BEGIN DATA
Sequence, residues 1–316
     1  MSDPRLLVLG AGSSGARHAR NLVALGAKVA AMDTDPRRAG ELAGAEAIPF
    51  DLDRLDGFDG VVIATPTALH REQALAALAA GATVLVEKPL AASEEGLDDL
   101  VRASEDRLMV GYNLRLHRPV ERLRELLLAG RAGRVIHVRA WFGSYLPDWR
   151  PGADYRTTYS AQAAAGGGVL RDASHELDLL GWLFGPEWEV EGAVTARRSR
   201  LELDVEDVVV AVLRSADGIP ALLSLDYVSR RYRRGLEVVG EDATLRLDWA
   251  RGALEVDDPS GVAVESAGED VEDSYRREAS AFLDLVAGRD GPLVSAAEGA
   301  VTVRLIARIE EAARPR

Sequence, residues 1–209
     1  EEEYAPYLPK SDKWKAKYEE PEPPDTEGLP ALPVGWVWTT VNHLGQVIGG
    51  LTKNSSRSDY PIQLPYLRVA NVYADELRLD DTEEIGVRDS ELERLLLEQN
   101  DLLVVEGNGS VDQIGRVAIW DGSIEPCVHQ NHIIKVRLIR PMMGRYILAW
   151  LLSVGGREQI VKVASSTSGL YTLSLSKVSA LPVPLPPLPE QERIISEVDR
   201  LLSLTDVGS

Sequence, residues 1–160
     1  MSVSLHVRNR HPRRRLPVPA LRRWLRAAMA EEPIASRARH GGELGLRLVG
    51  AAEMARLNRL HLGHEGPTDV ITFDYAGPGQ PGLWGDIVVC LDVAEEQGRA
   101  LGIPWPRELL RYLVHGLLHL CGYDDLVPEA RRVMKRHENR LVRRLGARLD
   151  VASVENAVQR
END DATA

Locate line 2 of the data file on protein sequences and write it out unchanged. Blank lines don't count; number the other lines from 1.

     1  MSDPRLLVLG AGSSGARHAR NLVALGAKVA AMDTDPRRAG ELAGAEAIPF